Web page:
Okay, but there are also meetings where many people in different layers of the organization try to agree on what they want to order in this Data Lab, or whatever we call it. I'm curious where the client's motivation comes from. Is it at an appropriate rate that encourages them to read this literature and they know that this week costs X, Y, Z and therefore they should hurry? Or is there any other reason why, and actually, the process starts once you get there?

Obviously, money is an important issue here. However, at the very beginning, no matter who we incubate the project with, we must first enthuse them with the fascination that we have - so that these people have the same motivation. For example, I am very interested in scientific research. Knowing that I will have a workshop with someone and we will consider some super difficult problems, often in a domain that I have no idea about before, and that I have a lot to learn, I am already super motivated. I have the impression that people are getting enthused with this motivation, which is the most important thing, that people come and say, okay, such a person is coming, and now it will be demanding. He won't give up here; even though we are his clients, he will demand a lot. Additionally, we know that this is the week for which the rate is appropriate. Even though it is not excessive, people feel this is the week they invest. And I'm happy that everyone is preparing very well as I think I have to prepare even better. It's a spiral of preparation. And then we have a good discussion. I once had a fantastic workshop with a specialist in his discipline, also in the field of medical diagnostics. This man spread his passion for how he talked, so well prepared that it was a powerful discussion. They had to force us out of the room. But a good thing came out of it.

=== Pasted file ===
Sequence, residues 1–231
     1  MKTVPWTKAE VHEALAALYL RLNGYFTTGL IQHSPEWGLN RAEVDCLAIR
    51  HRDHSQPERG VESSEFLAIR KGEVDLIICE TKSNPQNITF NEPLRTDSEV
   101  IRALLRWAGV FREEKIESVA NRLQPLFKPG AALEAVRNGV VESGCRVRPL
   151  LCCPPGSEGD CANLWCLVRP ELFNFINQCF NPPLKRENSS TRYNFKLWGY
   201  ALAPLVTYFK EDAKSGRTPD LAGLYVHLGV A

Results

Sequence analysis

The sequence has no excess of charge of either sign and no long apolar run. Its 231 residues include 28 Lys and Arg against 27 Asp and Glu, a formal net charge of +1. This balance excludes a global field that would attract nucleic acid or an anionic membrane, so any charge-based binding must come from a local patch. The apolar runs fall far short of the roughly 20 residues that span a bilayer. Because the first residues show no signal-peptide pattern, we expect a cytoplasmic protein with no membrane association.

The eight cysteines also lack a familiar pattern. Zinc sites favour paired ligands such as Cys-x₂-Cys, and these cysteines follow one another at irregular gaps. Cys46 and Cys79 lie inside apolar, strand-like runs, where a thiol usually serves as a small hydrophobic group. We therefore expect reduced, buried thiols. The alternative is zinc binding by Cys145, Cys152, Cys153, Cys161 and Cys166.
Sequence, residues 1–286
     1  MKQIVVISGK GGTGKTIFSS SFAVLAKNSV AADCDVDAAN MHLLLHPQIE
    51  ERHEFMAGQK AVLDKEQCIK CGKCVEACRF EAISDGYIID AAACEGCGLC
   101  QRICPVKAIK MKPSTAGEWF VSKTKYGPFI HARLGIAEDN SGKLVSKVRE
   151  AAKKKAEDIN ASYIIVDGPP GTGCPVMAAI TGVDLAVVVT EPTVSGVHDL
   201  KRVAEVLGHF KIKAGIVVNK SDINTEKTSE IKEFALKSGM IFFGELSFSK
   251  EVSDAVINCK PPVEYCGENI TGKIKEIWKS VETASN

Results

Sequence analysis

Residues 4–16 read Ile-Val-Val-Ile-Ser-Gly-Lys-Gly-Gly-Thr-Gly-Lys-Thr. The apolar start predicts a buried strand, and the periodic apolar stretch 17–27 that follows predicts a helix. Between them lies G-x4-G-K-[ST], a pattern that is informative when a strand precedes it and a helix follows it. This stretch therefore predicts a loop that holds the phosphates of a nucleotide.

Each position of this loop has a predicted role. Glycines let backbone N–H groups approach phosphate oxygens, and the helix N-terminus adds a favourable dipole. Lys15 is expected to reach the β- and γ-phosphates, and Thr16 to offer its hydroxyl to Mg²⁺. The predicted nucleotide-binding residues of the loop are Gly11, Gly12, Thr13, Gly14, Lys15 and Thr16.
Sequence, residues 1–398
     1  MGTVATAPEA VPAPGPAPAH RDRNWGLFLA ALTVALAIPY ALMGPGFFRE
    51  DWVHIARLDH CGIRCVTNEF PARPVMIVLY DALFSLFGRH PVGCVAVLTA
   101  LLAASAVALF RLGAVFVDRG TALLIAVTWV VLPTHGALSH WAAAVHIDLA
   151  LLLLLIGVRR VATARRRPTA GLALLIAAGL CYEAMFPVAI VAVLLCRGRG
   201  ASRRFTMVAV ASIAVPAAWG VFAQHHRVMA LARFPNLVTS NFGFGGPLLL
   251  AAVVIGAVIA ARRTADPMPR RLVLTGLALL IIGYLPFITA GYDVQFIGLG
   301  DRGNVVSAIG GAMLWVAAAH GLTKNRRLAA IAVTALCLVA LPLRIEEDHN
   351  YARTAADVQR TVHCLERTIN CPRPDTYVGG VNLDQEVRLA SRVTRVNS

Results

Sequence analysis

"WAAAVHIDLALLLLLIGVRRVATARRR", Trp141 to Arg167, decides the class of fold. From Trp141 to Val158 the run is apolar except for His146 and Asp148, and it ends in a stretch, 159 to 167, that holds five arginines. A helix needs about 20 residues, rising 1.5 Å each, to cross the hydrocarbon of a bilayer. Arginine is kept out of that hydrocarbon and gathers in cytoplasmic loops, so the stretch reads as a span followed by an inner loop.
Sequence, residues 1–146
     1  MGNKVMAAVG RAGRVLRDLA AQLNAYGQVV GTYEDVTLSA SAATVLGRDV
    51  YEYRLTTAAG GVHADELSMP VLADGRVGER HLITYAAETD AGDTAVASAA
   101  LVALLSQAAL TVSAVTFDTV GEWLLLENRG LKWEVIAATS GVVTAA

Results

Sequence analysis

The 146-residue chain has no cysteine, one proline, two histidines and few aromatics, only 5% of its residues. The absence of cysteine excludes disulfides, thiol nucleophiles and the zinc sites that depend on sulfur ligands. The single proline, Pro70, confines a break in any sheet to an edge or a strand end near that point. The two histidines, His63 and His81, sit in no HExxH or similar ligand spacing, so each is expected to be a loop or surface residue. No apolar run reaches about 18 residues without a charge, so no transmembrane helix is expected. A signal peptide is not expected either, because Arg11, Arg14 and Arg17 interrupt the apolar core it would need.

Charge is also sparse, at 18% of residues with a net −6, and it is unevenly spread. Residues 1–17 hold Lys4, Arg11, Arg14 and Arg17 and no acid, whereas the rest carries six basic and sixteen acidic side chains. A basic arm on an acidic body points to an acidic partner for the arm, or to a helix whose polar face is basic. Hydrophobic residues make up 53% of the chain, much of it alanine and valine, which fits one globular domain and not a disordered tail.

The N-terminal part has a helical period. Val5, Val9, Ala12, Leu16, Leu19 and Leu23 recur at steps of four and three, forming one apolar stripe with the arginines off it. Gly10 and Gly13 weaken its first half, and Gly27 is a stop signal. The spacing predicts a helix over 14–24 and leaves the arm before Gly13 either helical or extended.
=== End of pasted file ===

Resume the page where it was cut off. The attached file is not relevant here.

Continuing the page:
Can you tell me more about this? I'm curious at what point you start and at what point you say okay, we've got this. Is it the case that you teach what machine learning is? How is this done?

At the very beginning, we start typical business work with the client; we talk about the basic conditions. Then, when I come to the workshops, I divide them into appropriate sections, depending on the type of client. If this is an approach in which it is not known whether ML is a good option, the workshop begins with a conversation about what machine learning is, how it differs from the other approaches, and whether the client actually needs it. Sometimes, they don't, and it's our responsibility to clearly state that because not everything needs to be solved with machine learning algorithms. And this is usually the first day. The second day is the day of asking questions. I plan a scenario for such a conversation to get as much information as possible from my potential client to understand the domain. I also prepare in advance - I review the literature and check what solutions are currently available. After such a conversation, I receive a dose of information that allows me to determine whether Proof of Concept is needed. Then, I present the client with the first possible solution, the simplest one. After the first part, I can say - okay, this is common knowledge; no Proof of Concept is needed. It will be a comfortable situation here. If you want to do a project, we can start immediately and set up a team. But sometimes, a Proof of Concept is needed as it is knowledge that has not been scientifically discussed often; the topic is not specified whether it is possible to implement - I clearly inform the client about it.

This magical Proof of Concept means that if you ask 30 people in our industry, each of them will give a completely different definition. So that's what I'd like to understand. And these questions you mentioned, what are they about?